In turn, this put considerable pressure on middle distillate markets across Asia.
In the summer of 2016, crude imports temporarily lost their momentum when the government threatened to enforce tax compliance among independent refiners, with fears that import licences granted by the Chinese government might have dropped in response.
Nevertheless, teapots are here to stay and will benefit not only from local support, but also from the government’s continued backing, not least because they are a hassle free solution to China’s oil industry corruption problem. They have been instrumental to President Xi Jinping’s crackdown on graft among the ranks of Chinese NOCs leadership.
Competition from teapots is a good way to keep enforcing discipline on those state-owned companies. Besides, local government will also want to support and retain them, since many of those refineries account for 70-80% of some cities’ tax revenue.
Shandong Dongming Petrochemical Group, the biggest among China’s private refineries, recently pointed out that heavy crude from Saudi Arabia and Iran was too sour to be processed at its plants.
Crude with a lot of sulphur requires more refining steps, and therefore more infrastructure that investment-craving teapots currently have.
With a glut of diesel accumulating on the domestic market, highly courted teapots have, instead, increasingly sought sweeter cargoes of lower-sulphur crude with higher gasoline yields. This type of oil typically comes from Africa (Bonny Light, Es Sider, Saharan Blend) or Russia (ESPO blend).
So far, China has registered a 14–16% growth of oil imports against a single-digit – if not relatively flat – consumption growth. While such a pace was clearly unsustainable, the refill of the SPR had hitherto buffered this trade/consumption imbalance.
China became a net exporter of refined products such as gasoline and diesel in June 2014, following several brief brushes as a net exporter in December 2009, January 2010 and in 2014.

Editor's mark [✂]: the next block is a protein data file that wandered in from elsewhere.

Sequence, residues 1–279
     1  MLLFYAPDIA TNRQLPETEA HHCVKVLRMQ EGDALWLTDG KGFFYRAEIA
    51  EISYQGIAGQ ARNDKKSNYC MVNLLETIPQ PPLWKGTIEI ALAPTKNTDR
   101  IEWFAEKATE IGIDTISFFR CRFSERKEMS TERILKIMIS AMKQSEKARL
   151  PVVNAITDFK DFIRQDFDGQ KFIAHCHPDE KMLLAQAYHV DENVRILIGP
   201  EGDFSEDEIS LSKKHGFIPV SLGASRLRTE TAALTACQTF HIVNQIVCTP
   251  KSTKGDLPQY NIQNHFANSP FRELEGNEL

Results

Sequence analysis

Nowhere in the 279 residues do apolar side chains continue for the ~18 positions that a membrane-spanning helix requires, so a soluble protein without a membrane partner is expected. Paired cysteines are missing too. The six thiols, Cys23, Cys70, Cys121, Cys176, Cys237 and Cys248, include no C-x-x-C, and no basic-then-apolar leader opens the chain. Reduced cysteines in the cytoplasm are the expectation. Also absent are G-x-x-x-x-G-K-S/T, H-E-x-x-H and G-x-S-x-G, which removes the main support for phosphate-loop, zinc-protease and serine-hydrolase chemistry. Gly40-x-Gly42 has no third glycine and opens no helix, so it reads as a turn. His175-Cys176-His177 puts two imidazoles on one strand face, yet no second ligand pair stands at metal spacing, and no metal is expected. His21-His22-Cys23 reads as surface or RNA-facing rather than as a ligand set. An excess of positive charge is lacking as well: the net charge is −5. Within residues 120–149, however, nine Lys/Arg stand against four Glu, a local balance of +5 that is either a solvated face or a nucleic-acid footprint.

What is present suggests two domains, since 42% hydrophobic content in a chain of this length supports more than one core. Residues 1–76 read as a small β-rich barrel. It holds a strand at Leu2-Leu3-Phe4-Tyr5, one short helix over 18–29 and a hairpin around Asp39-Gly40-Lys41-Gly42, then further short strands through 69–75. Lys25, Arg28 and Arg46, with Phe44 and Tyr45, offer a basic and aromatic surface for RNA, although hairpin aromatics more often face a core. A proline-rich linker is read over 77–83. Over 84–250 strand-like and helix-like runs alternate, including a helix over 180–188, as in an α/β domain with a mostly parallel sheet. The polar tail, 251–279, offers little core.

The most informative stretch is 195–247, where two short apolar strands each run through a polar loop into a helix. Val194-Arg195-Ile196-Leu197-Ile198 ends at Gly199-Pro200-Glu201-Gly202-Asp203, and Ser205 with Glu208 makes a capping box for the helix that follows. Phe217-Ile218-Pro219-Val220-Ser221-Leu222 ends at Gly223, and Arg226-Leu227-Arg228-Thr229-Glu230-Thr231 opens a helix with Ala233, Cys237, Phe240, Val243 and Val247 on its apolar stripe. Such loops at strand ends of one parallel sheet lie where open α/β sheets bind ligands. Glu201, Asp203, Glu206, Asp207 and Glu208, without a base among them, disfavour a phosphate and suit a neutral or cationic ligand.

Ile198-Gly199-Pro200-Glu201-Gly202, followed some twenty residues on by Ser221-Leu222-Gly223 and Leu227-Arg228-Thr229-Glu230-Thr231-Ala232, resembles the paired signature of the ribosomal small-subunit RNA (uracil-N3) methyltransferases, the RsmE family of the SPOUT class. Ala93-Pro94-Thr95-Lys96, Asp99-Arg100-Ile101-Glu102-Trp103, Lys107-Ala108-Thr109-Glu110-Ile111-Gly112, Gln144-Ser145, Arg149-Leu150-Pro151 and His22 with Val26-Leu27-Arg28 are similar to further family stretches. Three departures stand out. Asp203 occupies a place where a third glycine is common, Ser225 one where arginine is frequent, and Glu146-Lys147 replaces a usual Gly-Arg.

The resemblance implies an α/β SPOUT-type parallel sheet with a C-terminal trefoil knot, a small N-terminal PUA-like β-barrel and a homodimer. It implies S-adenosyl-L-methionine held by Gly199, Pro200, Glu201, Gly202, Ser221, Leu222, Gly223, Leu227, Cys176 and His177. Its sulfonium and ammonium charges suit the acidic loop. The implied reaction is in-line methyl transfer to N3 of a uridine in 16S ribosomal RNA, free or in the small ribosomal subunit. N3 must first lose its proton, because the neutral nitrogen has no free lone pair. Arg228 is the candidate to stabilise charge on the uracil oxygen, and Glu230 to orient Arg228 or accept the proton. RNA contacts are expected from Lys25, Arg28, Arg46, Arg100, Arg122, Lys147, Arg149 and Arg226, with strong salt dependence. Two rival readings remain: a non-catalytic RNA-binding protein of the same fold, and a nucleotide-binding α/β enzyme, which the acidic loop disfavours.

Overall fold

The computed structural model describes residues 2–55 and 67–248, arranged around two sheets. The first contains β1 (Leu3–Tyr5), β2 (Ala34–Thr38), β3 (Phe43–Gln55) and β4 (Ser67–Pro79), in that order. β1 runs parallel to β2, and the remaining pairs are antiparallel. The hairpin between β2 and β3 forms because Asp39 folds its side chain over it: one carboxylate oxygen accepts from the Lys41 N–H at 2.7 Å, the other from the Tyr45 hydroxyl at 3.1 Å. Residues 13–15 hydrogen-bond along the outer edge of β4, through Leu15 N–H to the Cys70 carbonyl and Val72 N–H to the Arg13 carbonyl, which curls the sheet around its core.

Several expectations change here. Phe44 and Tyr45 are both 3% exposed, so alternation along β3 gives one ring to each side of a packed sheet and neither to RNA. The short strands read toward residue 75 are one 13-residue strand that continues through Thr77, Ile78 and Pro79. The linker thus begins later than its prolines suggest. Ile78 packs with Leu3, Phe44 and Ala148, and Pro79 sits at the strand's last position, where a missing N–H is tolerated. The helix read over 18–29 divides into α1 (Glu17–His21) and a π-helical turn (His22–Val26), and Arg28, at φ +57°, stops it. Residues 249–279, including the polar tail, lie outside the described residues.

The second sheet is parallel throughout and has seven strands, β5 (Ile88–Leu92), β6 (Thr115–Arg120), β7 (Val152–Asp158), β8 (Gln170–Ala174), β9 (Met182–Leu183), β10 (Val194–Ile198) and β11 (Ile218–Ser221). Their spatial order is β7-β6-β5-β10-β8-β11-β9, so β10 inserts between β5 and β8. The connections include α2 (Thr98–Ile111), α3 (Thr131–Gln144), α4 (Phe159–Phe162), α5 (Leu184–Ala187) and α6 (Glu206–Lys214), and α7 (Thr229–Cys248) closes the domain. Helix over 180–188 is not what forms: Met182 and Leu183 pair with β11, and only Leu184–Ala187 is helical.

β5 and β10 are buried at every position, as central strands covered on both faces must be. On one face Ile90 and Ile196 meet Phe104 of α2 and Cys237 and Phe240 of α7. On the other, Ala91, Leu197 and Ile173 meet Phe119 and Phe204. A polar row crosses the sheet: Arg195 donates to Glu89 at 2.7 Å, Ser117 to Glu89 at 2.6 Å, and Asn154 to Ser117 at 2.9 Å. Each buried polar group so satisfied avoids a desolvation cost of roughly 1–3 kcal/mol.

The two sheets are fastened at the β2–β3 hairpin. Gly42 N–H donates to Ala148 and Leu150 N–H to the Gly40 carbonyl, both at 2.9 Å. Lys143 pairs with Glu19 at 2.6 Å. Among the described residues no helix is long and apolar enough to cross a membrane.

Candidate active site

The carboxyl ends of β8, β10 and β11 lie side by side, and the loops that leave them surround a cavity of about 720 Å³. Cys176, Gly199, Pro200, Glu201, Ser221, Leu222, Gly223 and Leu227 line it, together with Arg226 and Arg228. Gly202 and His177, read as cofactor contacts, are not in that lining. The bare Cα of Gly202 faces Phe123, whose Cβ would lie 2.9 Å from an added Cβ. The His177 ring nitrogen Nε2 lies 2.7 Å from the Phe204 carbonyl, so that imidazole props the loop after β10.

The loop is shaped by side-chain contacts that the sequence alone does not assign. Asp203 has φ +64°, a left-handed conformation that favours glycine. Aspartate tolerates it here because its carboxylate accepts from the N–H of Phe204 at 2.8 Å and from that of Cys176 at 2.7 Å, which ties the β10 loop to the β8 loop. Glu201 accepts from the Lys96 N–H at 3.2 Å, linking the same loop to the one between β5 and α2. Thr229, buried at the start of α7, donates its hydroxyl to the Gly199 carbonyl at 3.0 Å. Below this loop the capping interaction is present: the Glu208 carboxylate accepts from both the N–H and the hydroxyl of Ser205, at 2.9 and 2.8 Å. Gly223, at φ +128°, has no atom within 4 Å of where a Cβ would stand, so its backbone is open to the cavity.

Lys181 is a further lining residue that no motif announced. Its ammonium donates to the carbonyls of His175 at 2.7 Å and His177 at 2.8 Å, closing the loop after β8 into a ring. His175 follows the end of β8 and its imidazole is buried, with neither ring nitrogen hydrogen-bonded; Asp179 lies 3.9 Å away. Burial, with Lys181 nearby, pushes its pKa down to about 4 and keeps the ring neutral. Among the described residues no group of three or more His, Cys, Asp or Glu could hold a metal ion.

The expansion of domestic refining capacity reinforced the trend towards less imports and more exports of refined products.
In the meantime, the country’s ravenous demand for oil has somewhat faded into less energy-intensive manufacturing and more stringent pollution control.
As China’s industrial growth shifts back to consumer-driven demand, the leap in refined products demand that characterised the past decade may not be seen again. Therefore, refined products exports will be a way of adding value to the economy.
However, China has continued to add up additional refining capacity. The resulting glut of refined products has hurt refineries’ profit margins but also led to a surge of gasoline and diesel exports in Asia.
In fact, analysts seem to concur on the fact that one of the main drivers of the surge in crude imports is a re-export trade of refined products. Markets in Asia are generally not as short in diesel as they used to be in the past. Chinese refining capacity has therefore reached a point where it exceeds domestic demand, even if the global demand for refined products continues to grow.
For China to be able to export those products, the spread between Chinese prices and Singapore prices has to be wide enough. China may nonetheless have a growing role in satisfying demand for motor fuels in countries where refinery outages or the lack of capacity has been an issue, especially in countries where China buys oil including Angola or Nigeria.
As they grow in sophistication, Chinese refiners will also play in important role in meeting rising Asian demand for cleaner fuels, and refined products exports will thus continue to grow, even with increased competition from large exporters in the Middle East, Europe and India.
By Julien Mathonniere
A longer version of this article, with charts and other data, can be downloaded here